Networking and Unix


 September 14th, 2011Sep 14th, 2011      

NetConnect is a Network Authentication Tool written in Perl that provides an automated login mechanism and scripting framework for CLI based network devices (i.e. Cisco Routers, Switches, etc). It uses a textual configuration file which defines devices as well as login credentials. You are then able to connect to a single device automatically or run scripts on devices in parallel.

NetConnect will run on most Unix environments that have Perl v5.8 of greater installed, which is the majority of Unix environments as Perl usually comes as standard. However, it requires the Perl Expect module which is available from CPAN and enforces v1.21 due to bugs in previous versions.

The latest version of NetConnect as well as the User Guide can be downloaded from the links below. These links will be updated to always contain the latest version:


Getting Started Guide

So, you have deciced that the User Guide isn’t for you and you want to quickly get up to speed. Well, I would recommend that once you have mastered the basics and have a general idea how NetConnect works, then read the User Guide – it contains a lot of important information.

Once you have placed the ‘netc’ binary into your path and you have the Expect Perl module installed, we need to generate a configuration file (‘$HOME/netc.conf’):

profile: 'TACACS' {
  username: 'bloggsj'
  password: 'dGhpcyBpc24ndCBlbmNyeXB0aW9u', encoding: 'base64'
  run: 'terminal monitor', 'terminal width 0'
  telnet {
    r1: ''
    r2: ''

A profile defines a set of login credentials which include at a minimum a ‘username’ and ‘password’. Certain fields are permitted to be encoded using ‘base64’ which provides a level of protection from people looking over your shoulder, but should not be confused with encryption. The ‘run’ attribute allows you to specify a list of commands that will be executed once you connect to a device. We then define some devices under a ‘telnet’ or ‘ssh’ group heading which defines the connection mechanism.

This completes a basic configuration file which contains two devices: ‘r1’ and ‘r2’. To display an output report of the devices defined within your configuration file you can use the following command line arguments:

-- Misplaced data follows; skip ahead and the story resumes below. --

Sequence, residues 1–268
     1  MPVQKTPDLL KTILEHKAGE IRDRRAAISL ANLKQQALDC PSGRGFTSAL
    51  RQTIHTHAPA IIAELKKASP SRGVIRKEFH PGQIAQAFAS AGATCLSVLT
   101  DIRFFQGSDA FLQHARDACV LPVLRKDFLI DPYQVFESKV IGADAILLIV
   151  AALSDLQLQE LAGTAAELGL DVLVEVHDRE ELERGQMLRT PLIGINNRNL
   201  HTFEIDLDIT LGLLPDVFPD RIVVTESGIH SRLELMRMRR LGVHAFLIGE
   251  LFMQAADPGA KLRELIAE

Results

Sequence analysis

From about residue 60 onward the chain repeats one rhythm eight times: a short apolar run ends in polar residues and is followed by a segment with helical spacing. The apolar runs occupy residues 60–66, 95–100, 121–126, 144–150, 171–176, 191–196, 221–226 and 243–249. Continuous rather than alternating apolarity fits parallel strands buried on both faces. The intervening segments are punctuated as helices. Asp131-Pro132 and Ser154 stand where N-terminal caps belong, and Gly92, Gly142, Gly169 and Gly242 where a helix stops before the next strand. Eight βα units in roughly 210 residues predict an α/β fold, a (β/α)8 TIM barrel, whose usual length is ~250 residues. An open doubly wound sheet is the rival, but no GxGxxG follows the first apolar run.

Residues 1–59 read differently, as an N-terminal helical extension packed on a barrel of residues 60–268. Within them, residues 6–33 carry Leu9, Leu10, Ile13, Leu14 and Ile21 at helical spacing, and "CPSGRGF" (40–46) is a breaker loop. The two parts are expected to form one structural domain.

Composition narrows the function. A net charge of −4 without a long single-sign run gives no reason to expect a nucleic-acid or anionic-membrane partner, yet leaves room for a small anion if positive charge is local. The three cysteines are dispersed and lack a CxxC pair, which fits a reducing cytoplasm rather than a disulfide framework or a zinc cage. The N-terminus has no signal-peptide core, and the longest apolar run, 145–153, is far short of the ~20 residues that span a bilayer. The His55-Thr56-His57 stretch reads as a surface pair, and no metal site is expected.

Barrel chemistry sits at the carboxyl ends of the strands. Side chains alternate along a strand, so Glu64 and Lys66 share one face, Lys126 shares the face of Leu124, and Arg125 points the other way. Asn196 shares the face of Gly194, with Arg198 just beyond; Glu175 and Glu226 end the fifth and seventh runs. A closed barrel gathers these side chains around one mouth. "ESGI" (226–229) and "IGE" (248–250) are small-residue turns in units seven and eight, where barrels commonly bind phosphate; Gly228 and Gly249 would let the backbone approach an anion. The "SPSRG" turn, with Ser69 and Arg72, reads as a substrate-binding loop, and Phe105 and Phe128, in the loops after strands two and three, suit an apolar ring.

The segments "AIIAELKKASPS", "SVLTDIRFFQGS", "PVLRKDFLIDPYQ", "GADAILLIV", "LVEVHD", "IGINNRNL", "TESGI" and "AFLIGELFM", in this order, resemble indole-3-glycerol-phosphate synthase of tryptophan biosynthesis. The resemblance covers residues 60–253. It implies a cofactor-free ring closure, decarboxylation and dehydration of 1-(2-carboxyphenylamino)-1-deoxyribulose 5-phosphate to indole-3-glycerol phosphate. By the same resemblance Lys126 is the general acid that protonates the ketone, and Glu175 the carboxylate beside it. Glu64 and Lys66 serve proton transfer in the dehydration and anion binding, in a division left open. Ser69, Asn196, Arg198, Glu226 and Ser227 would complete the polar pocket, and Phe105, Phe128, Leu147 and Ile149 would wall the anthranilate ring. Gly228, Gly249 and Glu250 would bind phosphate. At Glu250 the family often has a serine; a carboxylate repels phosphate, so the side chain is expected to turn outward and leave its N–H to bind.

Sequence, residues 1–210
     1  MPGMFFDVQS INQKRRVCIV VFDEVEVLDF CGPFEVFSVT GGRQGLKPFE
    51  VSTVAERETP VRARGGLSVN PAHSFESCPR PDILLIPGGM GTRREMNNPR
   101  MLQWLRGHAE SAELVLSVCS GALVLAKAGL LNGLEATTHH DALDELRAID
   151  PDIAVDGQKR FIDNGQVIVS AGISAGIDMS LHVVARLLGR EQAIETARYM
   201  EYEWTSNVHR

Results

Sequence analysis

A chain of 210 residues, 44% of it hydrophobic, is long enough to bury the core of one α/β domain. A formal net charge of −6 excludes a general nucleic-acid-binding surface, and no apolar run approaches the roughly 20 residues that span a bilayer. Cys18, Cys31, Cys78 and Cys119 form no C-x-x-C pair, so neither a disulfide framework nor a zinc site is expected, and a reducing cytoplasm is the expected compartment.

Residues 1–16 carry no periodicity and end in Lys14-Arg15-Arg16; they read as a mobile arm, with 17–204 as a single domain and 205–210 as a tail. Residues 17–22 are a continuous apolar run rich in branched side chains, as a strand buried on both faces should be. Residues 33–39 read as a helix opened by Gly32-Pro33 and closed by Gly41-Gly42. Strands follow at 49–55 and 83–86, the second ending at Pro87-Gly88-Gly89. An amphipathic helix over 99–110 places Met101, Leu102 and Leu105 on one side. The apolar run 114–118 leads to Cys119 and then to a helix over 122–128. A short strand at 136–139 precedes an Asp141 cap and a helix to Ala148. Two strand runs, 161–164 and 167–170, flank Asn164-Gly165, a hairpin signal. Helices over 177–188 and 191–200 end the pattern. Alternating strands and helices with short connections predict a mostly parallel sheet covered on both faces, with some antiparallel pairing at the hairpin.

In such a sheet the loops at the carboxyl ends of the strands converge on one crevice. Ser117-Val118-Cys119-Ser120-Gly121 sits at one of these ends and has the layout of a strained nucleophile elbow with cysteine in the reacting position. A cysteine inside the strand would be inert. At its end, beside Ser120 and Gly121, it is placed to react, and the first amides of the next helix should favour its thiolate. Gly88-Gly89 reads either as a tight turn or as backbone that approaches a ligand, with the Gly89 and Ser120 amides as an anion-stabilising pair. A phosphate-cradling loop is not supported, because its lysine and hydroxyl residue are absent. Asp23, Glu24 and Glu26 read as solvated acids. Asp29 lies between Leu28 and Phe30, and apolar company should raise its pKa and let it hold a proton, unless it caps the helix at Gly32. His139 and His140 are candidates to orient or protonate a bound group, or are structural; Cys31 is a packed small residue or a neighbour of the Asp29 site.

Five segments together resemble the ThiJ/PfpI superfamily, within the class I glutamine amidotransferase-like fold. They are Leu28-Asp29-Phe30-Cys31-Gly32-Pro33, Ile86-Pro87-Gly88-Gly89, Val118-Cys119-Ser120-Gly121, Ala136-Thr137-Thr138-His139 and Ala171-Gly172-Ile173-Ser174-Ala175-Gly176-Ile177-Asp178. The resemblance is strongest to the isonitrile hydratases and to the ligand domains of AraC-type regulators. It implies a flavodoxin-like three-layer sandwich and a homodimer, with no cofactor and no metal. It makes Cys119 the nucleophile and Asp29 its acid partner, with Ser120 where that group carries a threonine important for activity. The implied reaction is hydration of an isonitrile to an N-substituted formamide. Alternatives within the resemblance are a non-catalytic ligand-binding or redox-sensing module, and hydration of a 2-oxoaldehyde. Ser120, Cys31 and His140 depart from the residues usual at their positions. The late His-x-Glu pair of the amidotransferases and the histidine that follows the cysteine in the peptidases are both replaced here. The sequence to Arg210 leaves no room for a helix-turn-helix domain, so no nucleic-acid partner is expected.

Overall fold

$ netc -rn
[Profile: TACACS, Type: Cisco, Login: bloggsj]
   [Group: None], [Nodes: 2]
      r1 ........................
      r2 ........................

Total Nodes: 2

You also have the ability to pass a ‘regex’ as a parameter to only show nodes which match a certain criteria. We are now able to get NetConnect to connect automatically to one of these devices by specifying it on the command line:

$ netc r1
Node:        r1
Profile:     TACACS/Cisco/bloggsj
Method:      telnet

Connecting to Node... OK

r1#terminal monitor
r1#terminal width 0

When it is connected to the device you are able to interact with the device as you normally would when using ‘telnet’ or ‘ssh’. The only exception is that you have a powerful shell which is accessed by pressing <CTRL+D>. This shell allows you to run scripts on the node or access the shell without logging off of the node. Within the distribution there is a ‘monitor’ script which provides a watch like feature – this runs the same command every second and highlights the changes:

r1# <CTRL+D>
[/home/bloggsj] netc> run monitor.ncs cmd="show int ATM0/1/0"

ATM0/1/0 is up, line protocol is up
  Hardware is HWIC-DSLSAR (with Alcatel ADSL Module), address is 00aa.bbbb.cccc
  MTU 4470 bytes, sub MTU 4470, BW 448 Kbit/sec, DLY 1140 usec,
     reliability 255/255, txload 1/255, rxload 1/255
  Encapsulation ATM, loopback not set
  Keepalive not supported
  Encapsulation(s): AAL5
  23 maximum active VCs, 256 VCs per VP, 1 current VCCs
  VC Auto Creation Disabled.
  VC idle disconnect time: 300 seconds
  Last input never, output 00:00:02, output hang never
  Last clearing of "show interface" counters 5d03h
  Input queue: 0/75/0/0 (size/max/drops/flushes); Total output drops: 0
  Queueing strategy: Per VC Queueing
  30 second input rate 4563304 bits/sec, 1430 packets/sec
  30 second output rate 127333 bits/sec, 332 packets/sec
     2344739 packets input, 3145731866 bytes, 0 no buffer
     Received 0 broadcasts, 0 runts, 0 giants, 0 throttles
     0 input errors, 0 CRC, 0 frame, 0 overrun, 0 ignored, 0 abort
     1511713 packets output, 120400165 bytes, 0 underruns
     0 output errors, 0 collisions, 0 interface resets
     0 unknown protocol drops
     0 output buffer failures, 0 output buffers swapped out

While the script is running, the above output will change inplace so you are able to see which bits are changing every second. You can create an alias of the above command without having to type the whole command everytime you want to use the monitor functionaility. As well as running scripts when you are connected to nodes, you are also able to run a script on a lot of nodes in parallel:

$ netc file:nodes.txt -x myscript.ncs

The above command will run the ‘myscript.ncs’ script on all the nodes which are defined within the ‘nodes.txt’ file in parallel. This is an extremely powerful feature that allows you to deploy changes en masse. Scripts are written in Perl and can interact with the node through the ScriptObject (sO) which is an API designed in NetConnect. For examples on scripts and to see what is available in the API then you will need to look at the User Guide! This short article doesn’t do justice to the power of NetConnect and I would recommend a read of the User Guide for more information.